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Actually, XFCE isn’t too bad at hi-dpi now too especially with different monitors with different settings. I run a 3840x2160 straight up, and a 1200x1600 at 1800x2400 at the moment (for apparent size reasons when things span the 2 monitors). They define things backwards, but it works well!

Looking forward to that!



I bought my 34" ultrawide for one very specific purpose: a wider FOV for driving sims. For everything else, two smaller (e.g. 24") standard displays is just fine, and you can switch one off when not in use. As Kresimir said above, the other issue ultrawides have is that most video media is 16:9 so you end up with vertical black bars. One advantage compared to dual monitors, though, is that it only needs a single display and power cable; one ultrawide might be more power-efficient compared to always running two displays.

OT about driving

Turns out that VR is even better for driving, so now my ultrawide doesn’t even get used for that… :rofl:


I feel sick just thinking about VR + driving games … :face_vomiting:

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It turns out it’s mostly in the IPD. If you get the HMD lenses to the correct distance it completely gets rid of that motion nausea (or at least, it does for seated stuff like driving; in other games, moving around without walking is very weird).


I am thinking about replacing an old monitor via iPhone trade-in. For sure I like something larger like 32. I never tried curved ultrawide so difficult to judge if I would tolerate it. I mostly use for productivity, sometimes but more rarely games like civilization.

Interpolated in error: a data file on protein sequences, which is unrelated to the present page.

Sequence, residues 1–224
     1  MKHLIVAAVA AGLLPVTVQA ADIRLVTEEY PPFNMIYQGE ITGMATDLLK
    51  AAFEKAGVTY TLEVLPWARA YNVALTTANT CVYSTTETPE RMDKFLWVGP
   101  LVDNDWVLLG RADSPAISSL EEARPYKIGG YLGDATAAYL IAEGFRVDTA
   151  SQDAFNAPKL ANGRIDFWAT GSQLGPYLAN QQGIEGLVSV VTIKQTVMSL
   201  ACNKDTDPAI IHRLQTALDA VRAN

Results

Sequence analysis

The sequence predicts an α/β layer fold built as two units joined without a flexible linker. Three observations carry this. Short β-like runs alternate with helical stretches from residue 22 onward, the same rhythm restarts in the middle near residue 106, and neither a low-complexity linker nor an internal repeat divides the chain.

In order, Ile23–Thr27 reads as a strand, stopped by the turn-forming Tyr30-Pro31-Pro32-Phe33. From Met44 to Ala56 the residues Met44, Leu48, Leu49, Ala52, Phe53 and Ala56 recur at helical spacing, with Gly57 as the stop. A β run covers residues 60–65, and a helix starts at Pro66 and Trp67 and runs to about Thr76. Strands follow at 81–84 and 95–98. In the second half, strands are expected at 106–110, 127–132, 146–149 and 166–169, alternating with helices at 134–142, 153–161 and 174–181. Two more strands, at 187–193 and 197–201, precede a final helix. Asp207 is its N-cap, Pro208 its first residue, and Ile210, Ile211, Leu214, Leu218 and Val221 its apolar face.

Looking at these currently:

34 ultra wide curved (great quality and high res but very expensive)

32 ips display (good quality lower price):

Ultra wide 34 non-curved (only 1080 but lower price)

Still doing the research. Strangely some sites distinguish IPS and led and some indicate the monitors are led and IPS which seems strange. Maybe I misunderstood the meaning of these.

As long as it says IPS you’re fine; VA is the cheaper option.

Watch out for the Iiyama GB3461WQSU; it’s a very competitive price for a 34" IPS but earlier production runs have firmware issues (lose signal, green flickering, lines on the screen, half-blank panels) so might need returning until you get one from an updated/fixed run; working examples are very good for the price.

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That’s pretty much what I am looking for!

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Well (to feedback myself) I tried it and didn’t like it, curved screen went back to the shop. For one I didn’t like curved, for two I am spoiled using IPS displays in the past, the curved screens are more expensive for lower screen quality. I really do not recommend the Samsung linked above, very underwhelming quality. Was quite disappointed.

Replaced now with ultrawide IPS display from HP, non curved. Hope it will be better.